Lo and behold! We already saw that Atari has the 130ST and 520ST built around the 68000. Does it really surprise you to learn that the 65XE and 130XE will be produced using a 650x processor? And we were even given the privilege of having a set of drawings for a portable computer (in the 650x line) dropped flat on the table in front of us!

Original Projections Unrealized
The same day we saw those plans for the portable, we also got to see some of the features that the new machines will be sporting. On that day I decided that my predictions of success for Atari, which I made in this column in December, could very well have been ridiculous underestimates.

Operations Shut Down
What kind of features impressed me? I think it will be obvious to you when you read a spec sheet at your local dealer or the other CES coverage in this issue. In the meantime, I'll give a brief list of what I think are the best features of each machine at the end of this column. I tried to ask some of my contacts at Atari about a couple of things I am not quite clear on, but the lure of CES left the software and engineering departments virtually shut down for these four days.

Long-Term Outlook Bright
If there is any area of concern to those of us here at Optimized Systems Software, it is about those products where our software sales overlap those of Atari Corporation. New prices on Atari software have made us rethink some of our plans, but we think that there will always be sophisticated and/or advanced users out there who will be willing to pay a little more for higher quality. And we are not alone: The number of companies showing Atari-compatible software or hardware at CES was almost amazing. Will we stay in the Atari software market? How could we not?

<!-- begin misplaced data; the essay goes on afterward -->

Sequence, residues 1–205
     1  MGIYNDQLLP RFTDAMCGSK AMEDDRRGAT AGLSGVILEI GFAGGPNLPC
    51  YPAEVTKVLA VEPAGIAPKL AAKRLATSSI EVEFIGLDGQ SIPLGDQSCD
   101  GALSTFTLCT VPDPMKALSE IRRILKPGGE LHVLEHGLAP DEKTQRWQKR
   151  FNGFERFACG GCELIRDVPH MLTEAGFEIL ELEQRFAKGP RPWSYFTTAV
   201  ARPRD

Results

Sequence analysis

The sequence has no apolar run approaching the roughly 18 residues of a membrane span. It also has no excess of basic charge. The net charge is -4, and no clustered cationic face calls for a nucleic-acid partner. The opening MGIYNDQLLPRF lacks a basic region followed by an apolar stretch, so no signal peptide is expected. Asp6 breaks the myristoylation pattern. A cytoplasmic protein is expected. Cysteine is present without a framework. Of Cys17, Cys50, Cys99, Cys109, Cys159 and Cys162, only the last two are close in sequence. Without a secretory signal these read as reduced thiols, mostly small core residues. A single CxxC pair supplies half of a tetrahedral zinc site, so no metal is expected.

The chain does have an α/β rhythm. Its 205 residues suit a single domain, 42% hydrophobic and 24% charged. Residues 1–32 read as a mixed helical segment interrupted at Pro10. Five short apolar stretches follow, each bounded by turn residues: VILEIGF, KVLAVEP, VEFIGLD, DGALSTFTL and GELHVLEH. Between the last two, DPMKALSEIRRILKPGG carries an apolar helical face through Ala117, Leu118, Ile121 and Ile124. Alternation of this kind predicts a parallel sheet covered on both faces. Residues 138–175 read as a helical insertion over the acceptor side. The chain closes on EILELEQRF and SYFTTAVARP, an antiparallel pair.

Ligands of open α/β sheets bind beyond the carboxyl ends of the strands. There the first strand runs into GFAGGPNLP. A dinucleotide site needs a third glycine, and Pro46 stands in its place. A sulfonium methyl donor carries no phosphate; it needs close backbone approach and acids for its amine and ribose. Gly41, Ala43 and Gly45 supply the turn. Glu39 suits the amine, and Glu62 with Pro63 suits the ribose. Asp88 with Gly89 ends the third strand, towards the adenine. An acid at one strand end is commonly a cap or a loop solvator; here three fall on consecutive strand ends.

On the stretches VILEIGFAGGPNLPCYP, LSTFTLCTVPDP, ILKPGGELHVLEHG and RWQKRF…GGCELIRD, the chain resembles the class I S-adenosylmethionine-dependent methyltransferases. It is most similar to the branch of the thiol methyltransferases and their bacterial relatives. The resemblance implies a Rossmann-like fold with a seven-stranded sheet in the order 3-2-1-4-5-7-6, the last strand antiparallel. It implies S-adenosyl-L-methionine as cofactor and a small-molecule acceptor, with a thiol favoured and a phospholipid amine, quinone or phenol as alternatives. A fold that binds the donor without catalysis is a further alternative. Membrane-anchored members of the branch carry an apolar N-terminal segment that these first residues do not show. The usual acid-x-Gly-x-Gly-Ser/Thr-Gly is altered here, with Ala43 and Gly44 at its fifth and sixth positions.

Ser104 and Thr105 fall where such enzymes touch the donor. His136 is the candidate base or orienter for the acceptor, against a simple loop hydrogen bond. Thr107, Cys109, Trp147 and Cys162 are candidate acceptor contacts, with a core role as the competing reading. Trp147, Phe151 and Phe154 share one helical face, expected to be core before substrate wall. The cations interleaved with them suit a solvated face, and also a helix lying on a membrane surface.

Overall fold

At Last
"What the heck," you ask, "was all that about?" The answer: Every word that you just read was true. Even the subheadlines are properly explained in the text. Oh, I may have bent some words here and there to make the headlines more spectacular, but that was the whole purpose of this exercise. I always wanted to show how you can take an innocuous and/or positive review and generate sensational National Enquirer-type headlines.
    If you're an acrostics fan, you may have already caught the significance of the first letter of each headline. (Go back and reread them if you want a minor laugh.) This is, of course, my annual attempt at some humor. It's not very subtle or well-hidden this year, because I thought it would be fun to find out how many COMPUTE! readers actually plow through all my verbiage. If you got to here unscathed, congratulations. Time for a complete change of pace.

New Machine Features
This is just a simple table of what I feel are the most important features of four of the new Atari machines. I am sure that more info will be available by the time you read this, but maybe these specs will whet your appetite.

• 6502-series processor.
• 64K of RAM.
• Very, very compatible with 800XL.
• Nicely sculptured case and keyboard.
• Cartridge port on rear (where our ugly orange cartridges won't be so obtrusive).
• About $100.

• Identical to 65XE plus:
• 128K of RAM (supported as a ramdisk by new DOS 2.5).
• Expansion port on rear (used in conjunction with cartridge slot).
• About $150.